In addition to the vaccines given routinely as part of the child and adolescent schedules, the following vaccines should be given to evacuees living in crowded group settings, unless the person has written documentation of having already received them:

  • Influenza: everyone 6 months of age or older should receive influenza vaccine. For additional information see (MMWR 2017 Aug 25;66Cdc-pdfCdc-pdf[2]:1-20).
  • Varicella: everyone 12 months of age or older should receive one dose of this vaccine unless they have a documented record of immunization or documentation of health care provider diagnosed of chickenpox or shingles.
  • MMR: everyone 12 months of age or older and born during or after 1957 should receive one dose of this vaccine unless they have a documented record of 2 doses of MMR or other evidence of immunity.

The following vaccine should not routinely be necessary to evacuees in living in crowded group settings:

  • Hepatitis A: Although hepatitis A vaccine is recommended for all children in the U.S. aged 12-23 months, evacuation itself is not a specific indication for hepatitis A vaccination of previously unvaccinated children per se unless exposure to hepatitis A virus is suspected. Persons who evacuate their homes under orderly conditions at the advisement of state or local officials to a congregate setting where sanitary conditions prevail should not require hepatitis A vaccine, unless they have been evacuated from an area where exposure to hepatitis A virus is likely or have been exposed to persons with suspected or proven hepatitis A infection.

Immunocompromised individuals, such as persons with severe immunosuppression associated with HIV infection, pregnant women, and those on systemic steroids or other immunosuppressive medications, should not receive the live viral vaccines, varicella and MMR. Screening should be performed by self-report.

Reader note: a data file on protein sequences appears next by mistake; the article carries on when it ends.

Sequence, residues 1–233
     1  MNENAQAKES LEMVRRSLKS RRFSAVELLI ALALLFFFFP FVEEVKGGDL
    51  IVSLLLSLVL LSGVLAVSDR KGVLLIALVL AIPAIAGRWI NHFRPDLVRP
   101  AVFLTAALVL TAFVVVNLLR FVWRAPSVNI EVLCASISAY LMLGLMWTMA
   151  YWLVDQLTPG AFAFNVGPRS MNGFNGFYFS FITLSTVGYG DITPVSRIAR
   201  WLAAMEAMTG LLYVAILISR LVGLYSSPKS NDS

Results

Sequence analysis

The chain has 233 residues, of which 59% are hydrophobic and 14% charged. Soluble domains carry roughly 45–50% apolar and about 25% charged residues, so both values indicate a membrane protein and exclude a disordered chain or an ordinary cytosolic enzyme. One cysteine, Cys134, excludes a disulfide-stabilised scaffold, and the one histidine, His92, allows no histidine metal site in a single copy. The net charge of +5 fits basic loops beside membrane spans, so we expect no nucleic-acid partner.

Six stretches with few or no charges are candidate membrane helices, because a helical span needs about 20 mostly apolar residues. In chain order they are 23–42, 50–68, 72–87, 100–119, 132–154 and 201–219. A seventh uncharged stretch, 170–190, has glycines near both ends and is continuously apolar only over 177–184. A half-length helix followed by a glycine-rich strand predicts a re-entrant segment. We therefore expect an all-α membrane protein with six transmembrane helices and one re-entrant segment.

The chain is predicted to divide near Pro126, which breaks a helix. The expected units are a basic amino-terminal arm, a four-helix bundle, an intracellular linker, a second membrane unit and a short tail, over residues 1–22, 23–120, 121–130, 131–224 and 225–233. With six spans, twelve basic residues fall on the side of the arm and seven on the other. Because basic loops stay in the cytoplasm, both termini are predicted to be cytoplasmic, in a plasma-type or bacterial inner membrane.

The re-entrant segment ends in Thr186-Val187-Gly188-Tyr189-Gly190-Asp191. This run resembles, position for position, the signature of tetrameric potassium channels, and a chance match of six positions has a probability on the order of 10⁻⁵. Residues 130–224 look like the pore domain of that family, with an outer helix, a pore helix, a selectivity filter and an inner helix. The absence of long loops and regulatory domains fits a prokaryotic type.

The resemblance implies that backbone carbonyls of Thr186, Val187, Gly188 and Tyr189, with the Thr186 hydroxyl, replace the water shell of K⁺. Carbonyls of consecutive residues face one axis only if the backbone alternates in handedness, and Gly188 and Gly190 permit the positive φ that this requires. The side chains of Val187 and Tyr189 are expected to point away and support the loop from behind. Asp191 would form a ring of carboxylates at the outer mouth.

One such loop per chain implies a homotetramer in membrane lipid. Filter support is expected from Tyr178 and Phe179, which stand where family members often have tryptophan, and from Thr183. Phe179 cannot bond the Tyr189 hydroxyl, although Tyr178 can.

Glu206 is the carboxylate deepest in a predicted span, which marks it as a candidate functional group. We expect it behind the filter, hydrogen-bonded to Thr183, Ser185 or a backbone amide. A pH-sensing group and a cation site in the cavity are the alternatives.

Documentation

It is critical that all vaccines administered be properly documented.  Ideally vaccine administration should be documented within the jurisdiction’s immunization information system (IIS).  For more information on IIS in your jurisdiction, please see https://www.cdc.gov/vaccines/programs/iis/contacts-registry-staff.html).

Immunization records should be provided in accordance with the practice of the state in which the vaccine is administered. Immunization cards should be provided to individuals at the time of vaccination.

Standard immunization practices should be followed for delivery of all vaccines (https://www.cdc.gov/vaccines/hcp/acip-recs/general-recs/index.html), including provision of Vaccine Information Statements.

Diarrheal diseases

Vaccination against typhoid and cholera are not recommended. Both diseases are extremely rare in the United States.

Rabies

Rabies vaccine should only be used for post-exposure prophylaxis (e.g., after an animal bite or bat exposure) according to CDC guidelines.

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Page last reviewed: January 29, 2019